George Loewenstein and Peter Ubel are about as expert on behavioral economics as it gets, so it’s interesting that they’ve taken to the op-ed page of the NYT today to urge politicians to spend less time on nudges and more time making substantive policy changes.
The problem here is that although behavioral economics can result in policies with positive effects, it can also mean that those policies get put into place instead of ones which really have teeth.
Prime Minister David Cameron of Britain recently promoted behavioral economics as a remedy for his country’s over-use of electricity, citing what he claimed were remarkable results from a study that reduced household electricity use by informing consumers of how their use compared to that of their neighbors.
Under closer scrutiny, however, tests of the program found that better information reduced energy use by a mere 1 percent to 2.5 percent — modest relative to the hopes being pinned on it.
Compare that with the likely results of a solution rooted in traditional economics: a carbon tax would instantly bring the price of energy into line with its true cost and would unleash the creative power of the marketplace to generate cleaner energy sources.
Behavioral economics should complement, not substitute for, more substantive economic interventions.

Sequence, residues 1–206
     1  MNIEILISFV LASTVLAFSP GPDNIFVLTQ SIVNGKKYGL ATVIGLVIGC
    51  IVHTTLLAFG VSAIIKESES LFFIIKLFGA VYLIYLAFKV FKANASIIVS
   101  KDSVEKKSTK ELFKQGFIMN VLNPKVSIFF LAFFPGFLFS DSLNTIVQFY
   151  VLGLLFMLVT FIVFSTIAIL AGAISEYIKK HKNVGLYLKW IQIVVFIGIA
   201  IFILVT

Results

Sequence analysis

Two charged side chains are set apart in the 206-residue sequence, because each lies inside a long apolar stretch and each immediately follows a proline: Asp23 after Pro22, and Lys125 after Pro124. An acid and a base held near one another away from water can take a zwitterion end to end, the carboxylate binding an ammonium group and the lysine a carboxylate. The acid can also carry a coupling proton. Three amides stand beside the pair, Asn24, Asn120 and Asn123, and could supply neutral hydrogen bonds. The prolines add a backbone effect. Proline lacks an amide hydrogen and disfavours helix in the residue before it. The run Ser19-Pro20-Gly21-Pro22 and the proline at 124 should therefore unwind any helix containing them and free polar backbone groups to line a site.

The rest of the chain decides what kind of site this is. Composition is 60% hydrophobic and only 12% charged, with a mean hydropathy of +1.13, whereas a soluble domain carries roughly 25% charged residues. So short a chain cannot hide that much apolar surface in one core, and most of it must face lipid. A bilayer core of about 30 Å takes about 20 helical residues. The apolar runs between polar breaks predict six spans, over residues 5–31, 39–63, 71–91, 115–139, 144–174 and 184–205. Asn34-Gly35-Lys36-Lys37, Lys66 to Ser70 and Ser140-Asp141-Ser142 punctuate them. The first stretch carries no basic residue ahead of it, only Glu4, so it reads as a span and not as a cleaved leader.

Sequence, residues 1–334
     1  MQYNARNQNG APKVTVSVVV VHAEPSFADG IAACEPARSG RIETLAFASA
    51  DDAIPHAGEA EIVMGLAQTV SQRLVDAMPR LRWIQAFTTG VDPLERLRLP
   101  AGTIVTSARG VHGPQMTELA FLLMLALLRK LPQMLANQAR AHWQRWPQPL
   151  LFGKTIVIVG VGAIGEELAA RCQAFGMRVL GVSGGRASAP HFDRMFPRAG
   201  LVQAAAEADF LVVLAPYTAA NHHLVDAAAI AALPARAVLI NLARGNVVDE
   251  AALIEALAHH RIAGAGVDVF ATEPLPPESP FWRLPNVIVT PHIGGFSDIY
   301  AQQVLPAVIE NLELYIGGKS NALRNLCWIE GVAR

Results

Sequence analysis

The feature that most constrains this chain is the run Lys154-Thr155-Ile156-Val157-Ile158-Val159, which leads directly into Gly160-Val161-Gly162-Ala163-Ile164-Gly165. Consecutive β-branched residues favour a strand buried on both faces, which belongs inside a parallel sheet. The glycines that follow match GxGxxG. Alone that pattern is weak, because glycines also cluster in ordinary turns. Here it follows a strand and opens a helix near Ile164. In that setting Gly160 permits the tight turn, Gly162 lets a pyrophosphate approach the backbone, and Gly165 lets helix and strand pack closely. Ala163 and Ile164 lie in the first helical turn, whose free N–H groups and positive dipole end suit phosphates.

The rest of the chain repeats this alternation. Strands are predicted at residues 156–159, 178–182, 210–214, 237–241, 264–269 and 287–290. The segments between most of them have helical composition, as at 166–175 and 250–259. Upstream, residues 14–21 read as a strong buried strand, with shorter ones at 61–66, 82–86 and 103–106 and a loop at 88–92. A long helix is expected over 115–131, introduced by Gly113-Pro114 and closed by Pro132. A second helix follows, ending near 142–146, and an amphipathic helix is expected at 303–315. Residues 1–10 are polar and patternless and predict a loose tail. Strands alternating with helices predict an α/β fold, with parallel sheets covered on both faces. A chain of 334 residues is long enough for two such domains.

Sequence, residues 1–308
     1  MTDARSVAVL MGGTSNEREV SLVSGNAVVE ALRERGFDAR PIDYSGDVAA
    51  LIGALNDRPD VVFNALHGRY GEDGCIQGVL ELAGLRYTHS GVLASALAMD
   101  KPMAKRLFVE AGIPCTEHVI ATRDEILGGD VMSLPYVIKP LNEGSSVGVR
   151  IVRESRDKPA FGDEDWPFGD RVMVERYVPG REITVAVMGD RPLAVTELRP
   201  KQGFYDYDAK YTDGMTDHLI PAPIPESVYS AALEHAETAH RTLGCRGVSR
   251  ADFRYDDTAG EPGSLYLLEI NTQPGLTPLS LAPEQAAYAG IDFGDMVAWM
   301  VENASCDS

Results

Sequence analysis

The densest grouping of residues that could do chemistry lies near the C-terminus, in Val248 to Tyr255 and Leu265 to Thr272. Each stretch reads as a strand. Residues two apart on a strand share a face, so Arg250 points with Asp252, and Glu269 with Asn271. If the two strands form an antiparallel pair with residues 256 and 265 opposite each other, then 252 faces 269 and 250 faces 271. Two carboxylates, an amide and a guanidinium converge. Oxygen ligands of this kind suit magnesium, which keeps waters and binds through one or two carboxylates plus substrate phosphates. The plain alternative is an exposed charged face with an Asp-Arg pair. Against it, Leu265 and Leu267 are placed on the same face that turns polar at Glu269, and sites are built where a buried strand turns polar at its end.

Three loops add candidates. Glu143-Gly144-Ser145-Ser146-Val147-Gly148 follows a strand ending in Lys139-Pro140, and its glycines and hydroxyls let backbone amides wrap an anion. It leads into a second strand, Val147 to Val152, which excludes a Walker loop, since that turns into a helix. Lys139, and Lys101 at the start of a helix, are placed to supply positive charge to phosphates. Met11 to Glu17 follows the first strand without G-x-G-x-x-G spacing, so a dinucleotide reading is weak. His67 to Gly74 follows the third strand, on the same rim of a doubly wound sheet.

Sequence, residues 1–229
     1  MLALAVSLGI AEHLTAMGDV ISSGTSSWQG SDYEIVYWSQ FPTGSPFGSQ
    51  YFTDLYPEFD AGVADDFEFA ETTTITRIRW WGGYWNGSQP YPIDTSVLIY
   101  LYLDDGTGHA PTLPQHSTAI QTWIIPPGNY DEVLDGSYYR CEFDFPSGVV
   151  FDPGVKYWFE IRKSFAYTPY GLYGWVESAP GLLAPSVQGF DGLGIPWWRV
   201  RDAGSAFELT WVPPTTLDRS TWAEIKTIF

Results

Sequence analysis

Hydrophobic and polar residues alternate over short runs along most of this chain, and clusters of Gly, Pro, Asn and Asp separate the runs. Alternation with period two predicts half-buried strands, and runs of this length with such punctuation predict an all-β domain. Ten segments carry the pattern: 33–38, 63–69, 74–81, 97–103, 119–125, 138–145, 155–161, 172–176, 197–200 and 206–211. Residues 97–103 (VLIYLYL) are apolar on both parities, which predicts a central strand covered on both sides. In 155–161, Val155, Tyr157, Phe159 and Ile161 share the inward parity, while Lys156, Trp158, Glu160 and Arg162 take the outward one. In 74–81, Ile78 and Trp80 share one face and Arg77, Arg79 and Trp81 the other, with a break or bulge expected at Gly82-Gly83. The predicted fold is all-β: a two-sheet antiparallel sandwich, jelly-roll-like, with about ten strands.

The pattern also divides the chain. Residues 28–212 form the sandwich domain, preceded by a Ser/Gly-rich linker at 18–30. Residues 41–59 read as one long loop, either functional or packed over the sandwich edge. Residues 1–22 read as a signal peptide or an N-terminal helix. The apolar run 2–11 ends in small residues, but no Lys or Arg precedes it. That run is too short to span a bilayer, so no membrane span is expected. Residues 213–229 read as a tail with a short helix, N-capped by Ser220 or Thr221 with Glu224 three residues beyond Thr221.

You can quibble with the specific example here — Barbara Kiviat notes that other studies show greater effects — but conceptually it’s easy to see that any behavioral-economics solution carries with it a potential problem, which interestingly enough might be exactly the kind of thing best studied by behavioral economists.
Consider an issue with two possible lines of attack: a cheap behavioral-economics solution, B, and a more expensive and politically-fraught substantive solution, S. Does implementing B make implementing S less likely? If B didn’t exist, would S be more likely to come about? Surely there are cases where the answer to both questions is yes — and where therefore behavioral economics is a bad thing, not a good thing. The ability to cover up issues with a behavioral band-aid is often just a way of doing as little as possible while appearing to tackle the issue at hand.
That said, in a lot of cases S would never happen anyway, and in those cases B is better than nothing. And in other cases S will happen either way, and again adding B to the mix is going to be a good thing. So the only cases we’re worried about are the ones where the existence of B significantly changes the likelihood of implementing S. I wonder how common that is.